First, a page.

Roger Thayer Stone Center For Latin American Studies

Tulane University

Carmelo Mesa Lago discusses Pension Reform in Argentina, Bolivia and Chile

April 9th, 2013

On March 19, 2013, Tulane University’s Center for Inter-American Policy welcomed back former Greenleaf professor Carmelo Mesa-Lago for a lecture entitled “Re-reforms of Privatized Pensions in Latin America: Argentina, Bolivia, and Chile.” Mesa opened by explaining how eleven Latin American countries conducted structural reforms of their public pension systems during the 1980s and 1990s through either complete or partial privatizations. In the countries examined in his lecture, these reforms produced some positive changes but also several unsatisfactory outcomes that prompted Argentina, Bolivia, and Chile to implement substantial “re-reforms” in 2008 (Chile and Argentina) and in 2010 (Bolivia). Some of the negative outcomes of the initial reforms included the failure to successfully extend coverage for workers: coverage remained stagnant in Chile and Bolivia, while in Argentina it actually decreased by 45 percent. Other problems were the lack of gender equity and the failure of competition between private firms to effectively reduce administrative costs. The financial sustainability of the overall shift to privatized systems proved to be precarious. Transition periods were lengthy and costly, inducing large government debts. Capital returns in all three countries fell, the most drastic drop occurring in Chile, from 21 to 10 percent.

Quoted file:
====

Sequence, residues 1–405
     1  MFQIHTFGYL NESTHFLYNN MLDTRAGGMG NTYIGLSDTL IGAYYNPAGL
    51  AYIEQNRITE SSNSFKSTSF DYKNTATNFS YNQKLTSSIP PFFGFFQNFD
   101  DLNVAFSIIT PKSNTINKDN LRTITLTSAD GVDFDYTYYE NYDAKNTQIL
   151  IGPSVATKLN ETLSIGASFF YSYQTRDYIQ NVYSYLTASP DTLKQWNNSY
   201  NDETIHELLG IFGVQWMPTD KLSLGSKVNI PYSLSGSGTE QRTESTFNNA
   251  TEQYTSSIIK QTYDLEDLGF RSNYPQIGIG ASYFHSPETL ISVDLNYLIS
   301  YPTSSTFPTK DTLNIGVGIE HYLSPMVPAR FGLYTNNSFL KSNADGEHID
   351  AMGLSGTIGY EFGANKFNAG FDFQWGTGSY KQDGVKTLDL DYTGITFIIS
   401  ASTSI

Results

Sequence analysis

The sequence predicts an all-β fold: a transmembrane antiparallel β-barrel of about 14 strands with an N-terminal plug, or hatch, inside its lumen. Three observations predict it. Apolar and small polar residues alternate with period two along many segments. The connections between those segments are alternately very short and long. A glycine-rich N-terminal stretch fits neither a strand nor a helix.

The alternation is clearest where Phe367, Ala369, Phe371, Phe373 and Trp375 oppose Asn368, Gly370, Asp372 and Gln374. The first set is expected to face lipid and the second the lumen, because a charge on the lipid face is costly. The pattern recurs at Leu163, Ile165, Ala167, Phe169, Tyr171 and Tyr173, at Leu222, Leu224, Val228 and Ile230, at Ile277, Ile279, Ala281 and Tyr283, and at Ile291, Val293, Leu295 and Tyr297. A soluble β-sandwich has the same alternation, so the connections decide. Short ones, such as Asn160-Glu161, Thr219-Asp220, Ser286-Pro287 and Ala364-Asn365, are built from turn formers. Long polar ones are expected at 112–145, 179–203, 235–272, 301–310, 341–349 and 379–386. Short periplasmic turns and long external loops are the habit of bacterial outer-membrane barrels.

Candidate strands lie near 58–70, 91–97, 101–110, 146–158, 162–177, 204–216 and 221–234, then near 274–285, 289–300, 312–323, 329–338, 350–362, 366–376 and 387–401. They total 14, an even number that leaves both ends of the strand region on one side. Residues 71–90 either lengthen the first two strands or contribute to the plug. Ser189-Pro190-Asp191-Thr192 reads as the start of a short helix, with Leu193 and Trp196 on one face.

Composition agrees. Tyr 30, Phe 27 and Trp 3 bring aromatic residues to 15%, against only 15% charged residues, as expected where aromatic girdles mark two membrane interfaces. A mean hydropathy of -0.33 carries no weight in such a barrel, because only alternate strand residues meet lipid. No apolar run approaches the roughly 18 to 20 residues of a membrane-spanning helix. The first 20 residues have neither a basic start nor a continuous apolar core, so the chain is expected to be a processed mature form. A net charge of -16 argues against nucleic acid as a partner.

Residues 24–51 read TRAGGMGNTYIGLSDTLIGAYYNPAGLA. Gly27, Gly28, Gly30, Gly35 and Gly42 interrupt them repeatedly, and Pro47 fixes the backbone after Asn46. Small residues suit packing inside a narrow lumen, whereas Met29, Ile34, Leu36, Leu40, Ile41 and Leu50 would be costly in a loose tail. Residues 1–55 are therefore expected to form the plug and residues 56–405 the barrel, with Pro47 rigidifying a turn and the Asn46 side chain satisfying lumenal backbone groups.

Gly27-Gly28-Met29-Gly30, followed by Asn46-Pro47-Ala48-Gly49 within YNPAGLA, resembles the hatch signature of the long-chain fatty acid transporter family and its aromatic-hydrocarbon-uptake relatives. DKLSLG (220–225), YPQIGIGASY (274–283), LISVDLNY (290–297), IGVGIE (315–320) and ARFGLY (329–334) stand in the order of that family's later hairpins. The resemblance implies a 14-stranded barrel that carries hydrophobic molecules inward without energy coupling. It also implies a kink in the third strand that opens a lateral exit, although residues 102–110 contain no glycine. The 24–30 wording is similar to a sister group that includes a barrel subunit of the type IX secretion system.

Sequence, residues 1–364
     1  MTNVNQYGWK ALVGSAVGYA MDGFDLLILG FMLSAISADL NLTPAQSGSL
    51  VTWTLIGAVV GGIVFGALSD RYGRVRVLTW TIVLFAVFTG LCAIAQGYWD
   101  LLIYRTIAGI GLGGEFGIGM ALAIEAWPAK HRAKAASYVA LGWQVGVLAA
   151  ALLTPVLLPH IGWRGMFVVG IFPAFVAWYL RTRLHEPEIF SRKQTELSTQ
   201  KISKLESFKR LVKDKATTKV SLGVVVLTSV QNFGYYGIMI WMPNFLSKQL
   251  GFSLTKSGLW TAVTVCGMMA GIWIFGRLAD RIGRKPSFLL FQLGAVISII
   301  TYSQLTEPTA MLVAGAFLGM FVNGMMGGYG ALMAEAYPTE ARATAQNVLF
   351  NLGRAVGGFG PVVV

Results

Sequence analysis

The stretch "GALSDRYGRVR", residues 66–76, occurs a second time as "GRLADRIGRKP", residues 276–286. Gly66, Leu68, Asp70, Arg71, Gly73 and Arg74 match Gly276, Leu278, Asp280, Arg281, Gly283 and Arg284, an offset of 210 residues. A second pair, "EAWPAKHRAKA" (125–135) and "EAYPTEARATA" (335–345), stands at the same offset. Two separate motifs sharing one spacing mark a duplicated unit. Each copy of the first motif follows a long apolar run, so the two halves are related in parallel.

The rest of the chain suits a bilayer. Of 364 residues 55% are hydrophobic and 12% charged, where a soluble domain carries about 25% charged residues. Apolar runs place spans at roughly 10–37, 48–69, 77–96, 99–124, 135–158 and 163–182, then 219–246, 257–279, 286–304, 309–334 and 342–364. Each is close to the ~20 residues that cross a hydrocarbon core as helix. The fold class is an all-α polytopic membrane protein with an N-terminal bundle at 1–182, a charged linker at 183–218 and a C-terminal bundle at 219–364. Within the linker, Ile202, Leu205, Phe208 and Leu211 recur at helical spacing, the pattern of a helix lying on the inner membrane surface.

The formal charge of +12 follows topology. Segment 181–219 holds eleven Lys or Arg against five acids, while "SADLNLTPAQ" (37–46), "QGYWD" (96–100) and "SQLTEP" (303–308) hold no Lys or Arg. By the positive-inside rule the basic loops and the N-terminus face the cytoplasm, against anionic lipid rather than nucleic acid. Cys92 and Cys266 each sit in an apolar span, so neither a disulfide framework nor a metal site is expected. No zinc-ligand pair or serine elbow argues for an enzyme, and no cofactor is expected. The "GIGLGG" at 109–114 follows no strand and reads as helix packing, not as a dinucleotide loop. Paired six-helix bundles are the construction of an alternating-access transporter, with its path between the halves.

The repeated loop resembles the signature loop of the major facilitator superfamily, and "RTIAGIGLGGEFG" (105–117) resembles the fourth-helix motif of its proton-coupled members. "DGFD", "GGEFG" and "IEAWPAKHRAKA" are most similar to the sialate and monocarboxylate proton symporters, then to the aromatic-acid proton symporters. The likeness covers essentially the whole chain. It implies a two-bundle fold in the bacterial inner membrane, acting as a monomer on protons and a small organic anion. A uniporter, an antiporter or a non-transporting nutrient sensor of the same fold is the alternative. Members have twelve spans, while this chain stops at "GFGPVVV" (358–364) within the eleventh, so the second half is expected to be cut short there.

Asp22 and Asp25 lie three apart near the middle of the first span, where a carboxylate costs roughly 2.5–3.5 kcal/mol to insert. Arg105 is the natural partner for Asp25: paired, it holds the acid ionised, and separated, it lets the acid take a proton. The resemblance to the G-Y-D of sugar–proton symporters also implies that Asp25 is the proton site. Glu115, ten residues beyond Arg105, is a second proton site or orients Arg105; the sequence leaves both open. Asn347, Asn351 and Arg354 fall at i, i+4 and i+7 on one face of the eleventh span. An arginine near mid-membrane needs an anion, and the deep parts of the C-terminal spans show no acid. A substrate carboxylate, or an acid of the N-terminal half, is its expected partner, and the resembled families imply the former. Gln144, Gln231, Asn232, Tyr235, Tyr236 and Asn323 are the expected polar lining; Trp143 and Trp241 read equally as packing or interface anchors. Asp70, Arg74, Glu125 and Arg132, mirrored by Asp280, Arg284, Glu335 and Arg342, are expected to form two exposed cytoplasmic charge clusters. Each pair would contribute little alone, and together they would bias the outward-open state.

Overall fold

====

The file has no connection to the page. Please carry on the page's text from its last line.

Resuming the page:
To remedy some of these negative outcomes Argentina, Bolivia, and Chile conducted “re-reforms”, strengthening the role of the state in the pension system through diverse approaches. Chile maintained the privatized system but improved it; Argentina integrated the private system into the public system; and Bolivia nationalized its system. In terms of coverage, all three countries improved upon the previous system by extending coverage for the labor force and expanding coverage of non-contributory pensions. All three countries improved gender equity by compensating mothers for time spent raising children. In terms of financial sustainability, Mesa-Lago stressed that Chile had the greatest success in ensuring the long-term viability of its re-reforms, while the sustainability of the Argentine and Bolivian systems remain questionable. Capital returns have been increasing in Chile, while in Bolivia they have been falling, and in Argentina, they are negative. The deficit of Argentina’s public fund is expected to increase five-fold over the next forty years, while in Bolivia, no long-term financial projections for the future of the state pensions fund have been established.

Mesa-Lago concluded by underscoring that the re-reforms have remedied many of the flaws of the initial privatization of pensions. He further emphasized that a one-size-fits-all approach with respect to pension reform is untenable because it fails to account for local specificities and internal dynamics of a given country. For example, while all three countries have expanded the role of the state in pensions, not all have pursued the outright closing of the private system. The Chilean case demonstrates how a privatized system can be maintained and substantially improved with state involvement. The case of Argentina demonstrates a successful example of integration of the private system into the public system, with the important caveat that other measures might have to be taken to ensure its long-term financial viability. Mesa-Lago added, as a final note, that it remains to be seen how these re-reforms will influence the complete or partially privatized pensions systems still in place in other Latin America countries.

-Hannagan Johnson